Power of Attorney – Apostille

If one of the purchasing parties does not understand Italian, there are two options for completing the transaction:


1) The entire contract must be translated into the other language and an interpreter must be nominated.

Or:

2) The parties who do not understand Italian can give a power of attorney (this is generally in a bilingual Italian/English version; however, other languages may be used instead of English) to an Italian speaker.


The power of attorney document can be signed either in Italy or abroad:


1) If managed in Italy, it must be signed in front of a public notary, with two witnesses (at least one of them must speak the language of the purchasing party) and an interpreter must be present; the witnesses and the interpreter must be either Italian or Foreigners resident in Italy (it is advisable to select these persons in advance since the notaries do not provide them).

2) If managed abroad, the power of attorney must be either signed in front of a Notary Public and then affixed with the “apostille” (this solution is not advisable unless the Notary Public is familiar with this procedure) or signed and completed at the Italian Consulate.
A power of attorney may be useful for two reasons; firstly, only the power of attorney (and not the whole contract) needs to be translated and secondly, the parties do not need to attend before the notary at the deed of sale.

Regarding the content of the power of attorney document, it is helpful to point out a few specific issues in advance:

a) the power of attorney should be granted to two attorneys (instead of only one) to help avoid any last-minute complications which would postpone the transaction (e.g if one attorney is severely ill and cannot attend).

b) if the buyers are married, their regime in which their distribution of property is governed (community or separate property) should be stated; this information will be required for the transcription of the contract in the public register.

c) it is useful to grant powers to the attorneys so that they can proceed with a more precise identification of the property being purchased, clarifying boundaries,
consistency of the property, and cadastral data; this may again save time and avoid any postponement of the deed.

d) it can be useful also to enable the attorneys to withdraw payments in the form of banker’s drafts for paying the balance on the property, taxes, fees owed to professionals (notary, surveyor, etc.), and any other expense inherent in the acquisition of the property.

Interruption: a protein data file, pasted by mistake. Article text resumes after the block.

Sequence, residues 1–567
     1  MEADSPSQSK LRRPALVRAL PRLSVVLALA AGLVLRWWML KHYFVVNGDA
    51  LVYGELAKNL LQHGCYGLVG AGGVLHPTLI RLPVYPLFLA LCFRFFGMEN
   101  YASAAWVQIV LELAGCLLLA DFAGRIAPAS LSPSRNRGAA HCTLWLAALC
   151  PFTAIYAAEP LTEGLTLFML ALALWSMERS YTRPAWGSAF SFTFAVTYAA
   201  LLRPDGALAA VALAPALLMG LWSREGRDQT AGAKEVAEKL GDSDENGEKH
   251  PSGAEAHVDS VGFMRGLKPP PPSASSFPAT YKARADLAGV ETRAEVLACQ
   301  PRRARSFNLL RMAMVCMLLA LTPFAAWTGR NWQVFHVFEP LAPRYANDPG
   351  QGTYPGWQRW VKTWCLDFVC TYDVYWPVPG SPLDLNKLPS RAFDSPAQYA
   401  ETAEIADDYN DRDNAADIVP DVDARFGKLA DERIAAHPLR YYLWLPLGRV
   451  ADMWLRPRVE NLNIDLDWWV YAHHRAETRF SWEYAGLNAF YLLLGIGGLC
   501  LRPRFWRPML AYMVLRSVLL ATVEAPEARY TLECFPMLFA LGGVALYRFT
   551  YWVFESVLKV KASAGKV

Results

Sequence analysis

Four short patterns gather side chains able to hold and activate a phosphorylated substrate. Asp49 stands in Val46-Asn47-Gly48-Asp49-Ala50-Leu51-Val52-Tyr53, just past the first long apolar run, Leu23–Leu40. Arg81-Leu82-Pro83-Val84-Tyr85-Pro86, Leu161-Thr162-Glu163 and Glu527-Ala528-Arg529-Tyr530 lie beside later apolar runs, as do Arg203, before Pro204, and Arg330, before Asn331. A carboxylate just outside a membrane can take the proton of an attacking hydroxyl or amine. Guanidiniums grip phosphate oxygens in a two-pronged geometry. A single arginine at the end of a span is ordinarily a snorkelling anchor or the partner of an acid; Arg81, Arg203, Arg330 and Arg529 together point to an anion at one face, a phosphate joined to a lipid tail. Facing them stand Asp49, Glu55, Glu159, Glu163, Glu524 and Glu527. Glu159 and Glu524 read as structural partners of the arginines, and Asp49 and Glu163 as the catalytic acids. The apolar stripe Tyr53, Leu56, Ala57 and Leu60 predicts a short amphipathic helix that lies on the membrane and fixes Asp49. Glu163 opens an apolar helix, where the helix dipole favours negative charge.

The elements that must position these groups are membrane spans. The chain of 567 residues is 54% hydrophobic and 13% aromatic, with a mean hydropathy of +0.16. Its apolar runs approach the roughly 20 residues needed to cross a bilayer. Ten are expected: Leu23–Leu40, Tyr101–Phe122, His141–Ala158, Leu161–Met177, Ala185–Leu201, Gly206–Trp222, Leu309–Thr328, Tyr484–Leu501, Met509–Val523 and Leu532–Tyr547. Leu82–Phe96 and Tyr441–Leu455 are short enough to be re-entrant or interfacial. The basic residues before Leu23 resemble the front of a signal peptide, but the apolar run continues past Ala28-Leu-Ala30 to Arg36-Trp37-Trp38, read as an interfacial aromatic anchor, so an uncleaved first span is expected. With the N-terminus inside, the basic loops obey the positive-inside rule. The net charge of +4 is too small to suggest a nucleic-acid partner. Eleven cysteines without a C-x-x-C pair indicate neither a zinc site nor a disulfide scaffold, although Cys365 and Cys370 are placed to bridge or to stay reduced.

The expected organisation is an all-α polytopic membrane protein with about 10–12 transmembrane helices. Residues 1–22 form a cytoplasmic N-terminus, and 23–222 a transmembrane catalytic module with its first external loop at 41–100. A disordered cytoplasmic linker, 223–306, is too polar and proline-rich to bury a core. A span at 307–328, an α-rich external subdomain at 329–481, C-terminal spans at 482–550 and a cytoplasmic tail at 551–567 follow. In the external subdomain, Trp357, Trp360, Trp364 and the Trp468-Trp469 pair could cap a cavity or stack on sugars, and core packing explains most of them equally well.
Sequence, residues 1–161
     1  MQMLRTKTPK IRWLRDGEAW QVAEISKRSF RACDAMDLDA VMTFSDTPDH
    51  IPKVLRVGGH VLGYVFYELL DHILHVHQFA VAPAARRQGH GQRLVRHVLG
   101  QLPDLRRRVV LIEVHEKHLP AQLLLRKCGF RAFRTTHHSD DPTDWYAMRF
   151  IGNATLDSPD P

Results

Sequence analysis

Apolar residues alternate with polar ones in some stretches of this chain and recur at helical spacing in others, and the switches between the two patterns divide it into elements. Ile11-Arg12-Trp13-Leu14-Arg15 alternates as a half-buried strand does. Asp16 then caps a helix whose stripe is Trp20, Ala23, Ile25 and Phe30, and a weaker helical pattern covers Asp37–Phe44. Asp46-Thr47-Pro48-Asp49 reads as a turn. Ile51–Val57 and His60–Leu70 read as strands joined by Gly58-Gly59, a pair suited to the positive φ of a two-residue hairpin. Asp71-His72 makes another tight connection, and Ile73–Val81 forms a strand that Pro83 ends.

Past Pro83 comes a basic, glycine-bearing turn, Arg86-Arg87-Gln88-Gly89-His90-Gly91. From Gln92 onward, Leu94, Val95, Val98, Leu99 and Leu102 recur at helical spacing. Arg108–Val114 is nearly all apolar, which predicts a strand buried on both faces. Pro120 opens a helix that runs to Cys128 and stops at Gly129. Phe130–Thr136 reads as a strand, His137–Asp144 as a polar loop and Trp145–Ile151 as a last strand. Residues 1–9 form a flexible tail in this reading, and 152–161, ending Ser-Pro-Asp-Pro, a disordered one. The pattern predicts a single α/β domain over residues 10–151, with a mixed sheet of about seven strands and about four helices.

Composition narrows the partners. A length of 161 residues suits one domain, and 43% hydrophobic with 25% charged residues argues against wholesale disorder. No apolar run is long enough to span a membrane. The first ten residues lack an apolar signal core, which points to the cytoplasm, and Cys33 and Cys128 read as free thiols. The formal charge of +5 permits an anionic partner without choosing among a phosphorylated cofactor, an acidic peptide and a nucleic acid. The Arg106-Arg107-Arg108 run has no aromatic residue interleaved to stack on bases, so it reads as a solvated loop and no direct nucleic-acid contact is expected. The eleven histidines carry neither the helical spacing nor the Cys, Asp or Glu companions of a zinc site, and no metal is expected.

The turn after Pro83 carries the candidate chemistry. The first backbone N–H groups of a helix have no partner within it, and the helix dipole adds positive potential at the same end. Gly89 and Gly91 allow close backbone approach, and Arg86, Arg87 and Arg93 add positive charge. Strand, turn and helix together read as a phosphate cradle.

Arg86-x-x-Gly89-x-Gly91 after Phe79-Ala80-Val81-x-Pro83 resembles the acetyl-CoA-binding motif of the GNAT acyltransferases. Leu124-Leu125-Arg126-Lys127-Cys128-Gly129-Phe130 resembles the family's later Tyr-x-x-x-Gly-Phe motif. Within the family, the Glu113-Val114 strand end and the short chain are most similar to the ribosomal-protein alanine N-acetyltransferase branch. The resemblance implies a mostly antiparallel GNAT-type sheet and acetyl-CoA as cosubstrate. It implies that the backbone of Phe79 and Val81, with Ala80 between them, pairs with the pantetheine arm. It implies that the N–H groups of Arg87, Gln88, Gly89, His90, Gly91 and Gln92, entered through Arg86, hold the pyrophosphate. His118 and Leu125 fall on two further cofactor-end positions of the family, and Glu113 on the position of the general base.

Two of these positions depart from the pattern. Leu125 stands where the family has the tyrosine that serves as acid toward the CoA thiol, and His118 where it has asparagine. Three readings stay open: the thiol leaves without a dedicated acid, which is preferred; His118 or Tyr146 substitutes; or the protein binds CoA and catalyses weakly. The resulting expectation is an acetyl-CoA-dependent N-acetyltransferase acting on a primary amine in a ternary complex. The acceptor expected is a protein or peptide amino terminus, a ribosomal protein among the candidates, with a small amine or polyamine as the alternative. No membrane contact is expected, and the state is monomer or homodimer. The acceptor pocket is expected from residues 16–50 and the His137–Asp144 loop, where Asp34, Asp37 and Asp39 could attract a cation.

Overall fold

What is an apostille?

Hague Conference on Private International Law an Apostille (pronounced “ah-posteel”) is a French word meaning certification.

An Apostille is simply the name for a specialized certificate, issued by the Secretary of State. The Apostille is attached to your original document to verify it is legitimate and authentic so it will be accepted in one of the other countries who are members of the Hague Apostille Convention.

In the United States, all 50 states and the Federal Government (US Department of State – Office of Authentication) can issue an Apostille.

In 1961, many countries joined together to create a simplified method of “legalizing” documents for universal recognition. Members of the conference, referred to as the Hague Convention, adopted a document referred to as an Apostille that would be recognized by all member countries.

Since October 15, 1981, the United States has been part of the 1961 Hague Convention abolishing the Requirement of Legalization for Foreign Public Documents.

The Apostille Convention provides the simplified certification of public (including notarized) documents to be used in countries that have joined the convention. Documents destined for use in participating countries and their territories should be certified by one of the officials in the jurisdiction in which the document has been executed.


The information on this page is compiled with the greatest care; nevertheless, no rights may be derived from this information and optional attachments. We recommend that you check with the embassy in your country for the specifications and available information regarding your plans.